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Nov 30, 2009 12:12 PM

Any Korean vegan recs?

I have a vegan sister who will be visiting for the holidays and am looking for recommendations for a vegan-friendly Korean restaurant. By "vegan-friendly," I mean that they have a decent variety of vegan dishes -- not just, say, bibimbap. They can also serve dishes with meat, but I would exclude any restaurant that specializes in meat, such as BBQ places, chicken places or that goat restaurant on Vermont for that matter. Ideal location would be Koreatown but I'm flexible on that. Thanks.

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  1. korean vegan?? isn't that an oxymoron....almost everything contains some meat or fish product...many fermented banchan have oysters or oyster sauce, all soups/stews are make with anchovy,chicken, or beef broth. The only things I can think of are dongchimi gooksu at Corner place and porridge at bon juk or mountain.

    8 Replies
    1. re: peppermonkey

      It exists -- see Hangawi in NYC -- but not in LA, so far as I know.

      1. re: peppermonkey

        peppermonkey will definitely defriend me after seeing this, but I'm a Korean vegan, so it's not necessarily an oxymoron.

        In Seoul, there are some awesome vegan restaurants. But the monkey is right, at least in L.A. Most everything has some form of fermented fish product/meat broth/etc. the monkey is also right in saying that bibimbap is the safest, as long as you specify no egg and no meat. Try getting dolsot bibimbap, so that at least you could get the pleasure of having your rice sizzle in a stone bowl before you eat it.

        If it were summer, I would tell you to go get some noodles in soymilk. There's this place in OC called Hangari Noodle House that does a good version with rich and creamy soymilk and almost handmade noodles. Or at least they used to make a good version. Haven't been there in a while.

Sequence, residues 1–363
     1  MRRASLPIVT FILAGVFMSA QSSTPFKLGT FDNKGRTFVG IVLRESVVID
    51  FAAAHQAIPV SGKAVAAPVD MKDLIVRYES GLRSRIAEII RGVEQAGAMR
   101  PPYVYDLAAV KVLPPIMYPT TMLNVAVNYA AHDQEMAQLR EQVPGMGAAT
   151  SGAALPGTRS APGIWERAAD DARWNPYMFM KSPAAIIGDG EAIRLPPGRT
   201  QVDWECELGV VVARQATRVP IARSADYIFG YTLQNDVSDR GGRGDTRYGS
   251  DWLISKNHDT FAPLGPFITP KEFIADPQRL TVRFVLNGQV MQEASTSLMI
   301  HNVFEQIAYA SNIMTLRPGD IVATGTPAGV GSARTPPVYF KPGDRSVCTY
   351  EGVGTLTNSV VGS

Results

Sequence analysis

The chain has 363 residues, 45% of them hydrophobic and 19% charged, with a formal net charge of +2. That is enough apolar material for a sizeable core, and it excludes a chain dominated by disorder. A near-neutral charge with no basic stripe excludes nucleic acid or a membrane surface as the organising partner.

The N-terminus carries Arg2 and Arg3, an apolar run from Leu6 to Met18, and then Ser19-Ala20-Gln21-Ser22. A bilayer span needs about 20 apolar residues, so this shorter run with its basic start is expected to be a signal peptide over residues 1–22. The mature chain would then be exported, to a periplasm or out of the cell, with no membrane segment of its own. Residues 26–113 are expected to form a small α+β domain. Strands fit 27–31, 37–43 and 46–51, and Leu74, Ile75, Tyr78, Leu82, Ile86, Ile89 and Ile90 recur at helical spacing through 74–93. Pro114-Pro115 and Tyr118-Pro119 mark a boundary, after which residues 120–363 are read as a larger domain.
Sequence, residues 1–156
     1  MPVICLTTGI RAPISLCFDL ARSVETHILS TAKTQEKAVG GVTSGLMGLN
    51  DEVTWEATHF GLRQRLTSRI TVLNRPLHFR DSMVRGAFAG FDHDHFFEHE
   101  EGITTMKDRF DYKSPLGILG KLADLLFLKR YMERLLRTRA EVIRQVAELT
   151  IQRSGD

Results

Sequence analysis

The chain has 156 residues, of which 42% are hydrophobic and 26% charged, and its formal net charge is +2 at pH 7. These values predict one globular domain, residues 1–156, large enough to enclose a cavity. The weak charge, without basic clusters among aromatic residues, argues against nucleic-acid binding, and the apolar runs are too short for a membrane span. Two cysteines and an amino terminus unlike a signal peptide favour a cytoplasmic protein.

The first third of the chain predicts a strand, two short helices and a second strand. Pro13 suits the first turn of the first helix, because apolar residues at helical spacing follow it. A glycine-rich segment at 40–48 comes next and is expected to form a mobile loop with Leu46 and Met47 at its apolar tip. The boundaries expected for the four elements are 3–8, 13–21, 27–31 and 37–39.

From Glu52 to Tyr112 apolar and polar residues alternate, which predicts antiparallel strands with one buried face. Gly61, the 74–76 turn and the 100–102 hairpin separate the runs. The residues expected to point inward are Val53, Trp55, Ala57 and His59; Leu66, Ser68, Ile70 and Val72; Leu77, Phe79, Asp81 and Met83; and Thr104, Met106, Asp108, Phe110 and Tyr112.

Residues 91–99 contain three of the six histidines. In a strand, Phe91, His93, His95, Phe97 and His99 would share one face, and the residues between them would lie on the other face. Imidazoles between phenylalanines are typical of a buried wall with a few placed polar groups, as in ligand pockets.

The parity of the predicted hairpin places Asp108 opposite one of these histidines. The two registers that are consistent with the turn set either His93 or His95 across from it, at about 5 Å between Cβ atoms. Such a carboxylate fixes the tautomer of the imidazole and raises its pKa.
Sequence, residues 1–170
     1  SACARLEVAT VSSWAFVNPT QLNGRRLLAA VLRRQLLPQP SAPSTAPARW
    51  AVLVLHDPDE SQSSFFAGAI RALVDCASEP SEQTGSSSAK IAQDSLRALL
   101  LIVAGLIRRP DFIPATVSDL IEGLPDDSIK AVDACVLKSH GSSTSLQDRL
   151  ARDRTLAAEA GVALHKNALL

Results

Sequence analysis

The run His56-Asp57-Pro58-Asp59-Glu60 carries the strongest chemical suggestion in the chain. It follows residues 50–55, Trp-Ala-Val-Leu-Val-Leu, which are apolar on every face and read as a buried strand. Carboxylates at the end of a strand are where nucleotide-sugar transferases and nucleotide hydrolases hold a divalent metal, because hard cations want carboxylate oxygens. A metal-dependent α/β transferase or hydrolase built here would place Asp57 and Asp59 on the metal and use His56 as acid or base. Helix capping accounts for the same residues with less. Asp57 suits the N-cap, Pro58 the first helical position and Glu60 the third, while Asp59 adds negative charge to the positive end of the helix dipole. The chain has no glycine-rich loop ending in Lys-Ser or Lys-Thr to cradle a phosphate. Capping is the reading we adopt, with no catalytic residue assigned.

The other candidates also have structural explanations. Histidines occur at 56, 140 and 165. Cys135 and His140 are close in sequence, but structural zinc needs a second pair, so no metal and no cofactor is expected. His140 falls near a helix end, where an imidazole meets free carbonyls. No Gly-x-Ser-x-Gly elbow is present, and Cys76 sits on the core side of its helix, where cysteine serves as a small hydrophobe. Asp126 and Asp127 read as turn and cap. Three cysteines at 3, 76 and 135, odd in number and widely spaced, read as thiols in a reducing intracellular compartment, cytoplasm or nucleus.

Actually, I've had semi-decent meals at Korean barbecue joints, believe it or not. Well, maybe I'm just saying that to make myself feel better. For instance, at a Shik Do Rak outing, I stuffed myself with rice, rice noodle wrappers, and that shredded scallion/lettuce mixture and I think some seaweedy banchan.

        Another idea is to go to one of the all-you-can-eat buffets, though frankly I say that out of desperation.

        Finally, there IS a guy who makes vegan Korean food, but he is only found at the Hollywood Farmers Market on Sundays and also the Pasadena farmers market. The stand is called Dave's Gourmet Korean Food. I haven't tried the food because I have to go to church that day, so I can't tell you if it's good or not, but it has gotten good reviews on Yelp. That said, from the reviews, it doesn't sound *exactly" like the Korean food I know, but I'll eat anything if I'm desperate enough. Sound like a ringing endorsement?

        Park's BBQ actually has a big variety of banchan, but I can't remember if any of it is vegan. There's gotta be something.

        1. re: choctastic

          I seem to recall some vegan stuff among the banchan at Park's -- spinach and bean sprouts off the top of my head. Also, their bbq'ed mushrooms are delicious.

          1. re: choctastic

            Thanks, this is actually very helpful. Also, do you know whether any of the tofu places can prepare soon dubu with a vegetable broth?

            1. re: houndofmusic

              I have asked many times and gotten the same answer every time: no, it's meat-based broth, usually beef. However, I would love to hear it if there's a restaurant in town that has changed its tune. I highly doubt that one exists though, because most people want beef or seafood broth. I'll be honest. It tastes better that way.

            2. re: choctastic